A patch of bright purple coneflowers in bloom.
Echinacea purpurea (purple coneflower)

Here Comes the Summer: Native Perennial Gardening and The Beatles!

July 01, 2022 Written by Susan Graves — Master Gardener Intern, New Castle County

Summer sun, heavy thunderstorms and extended periods of drought can wreak havoc on a carefully-tended garden. As spring blooms fade, the summer landscape can look bleak as temperatures begin to rise in June, but with minimal planning, native perennials can make the summer bright, beautiful and maintenance-free for years to come!

 

Why use native perennial plants?  

Native plants are purpose-built for a particular region: its climate, soil and wildlife. Native plants will give you the greatest advantage with the least number of drawbacks, providing a strong base and less maintenance than non-native plants.  

As plants that are habituated to the local area, native plants are “customized” to survive the temperatures and conditions that typically occur during summer in a particular territory. They will return year after year and add beauty and strength to your landscape.

Typically, native plants have roots that grow deeper than non-native species, giving better anchoring and strength to the plant, with greater benefit to groundwater filtering and absorption.

Pollinators such as bees, birds, butterflies and insects are designed to get the best nutrition and rewards from native plants with the least amount of effort. Non-native species can be a nice addition to the garden, but they can also take over space native plants would otherwise enjoy and may not be the best choice for native pollinators (think a “sugar diet” instead of meat and potatoes).

 

Native perennial plants and The Beatles (no, not the insect...)?

Illustrating the difference between native and non-native species is as easy as looking at the British music invasion of 1963. The Beatles hit the local airwaves with “Please Please Me” and soon were everywhere, blowing past American rock groups like Frankie Valli and The Beach Boys on the rock and roll charts.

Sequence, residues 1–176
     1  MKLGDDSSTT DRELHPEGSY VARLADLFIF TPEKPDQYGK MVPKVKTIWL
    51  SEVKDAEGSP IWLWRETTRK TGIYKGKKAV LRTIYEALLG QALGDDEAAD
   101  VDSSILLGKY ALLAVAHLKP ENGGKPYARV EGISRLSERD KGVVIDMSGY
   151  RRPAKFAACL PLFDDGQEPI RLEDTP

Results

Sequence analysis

And just as The Beatles invaded the airwaves in the 1960s, non-native species that start out innocently enough can quickly invade a garden space and leave little room for the native plants our pollinators depend upon. 

 

Bright orange flowers and buds on long, green stems.
Asclepias tuberosa (butterfly weed)

What next?

Supporting the local ecosystem with native perennials is as easy as visiting local gardens and garden centers for inspiration! Visit the demonstration gardens at our Extension offices. Check out native plantings at Winterthur, Longwood and Mt. Cuba. Know your site conditions and look for native plants that will do well with the environmental conditions of your landscape (for example, soil type (dry/moist/wet), the sun it will receive (full sun (6+ hours) / partial sun / full shade) and seasons of interest (bloom time, leaf color and texture and more)). Summer is too stressful for new plantings but get ready for planting this Fall or the following Spring!  

 

Some beauties that enjoy summer heat include:

  • Echinacea purpurea (purple coneflower)
  • Asclepias tuberosa (butterfly weed)  
  • Rudbeckia fulgida (black-eyed Susan)
  • Spigelia marilandica (Indian pink) 
  • Coreopsis major (Greater tickseed)  

 

These colorful and varied plants give a wonderful representation of the local beauty and strength that is native to our region and will be appreciated by our local pollinators and wildlife as well.


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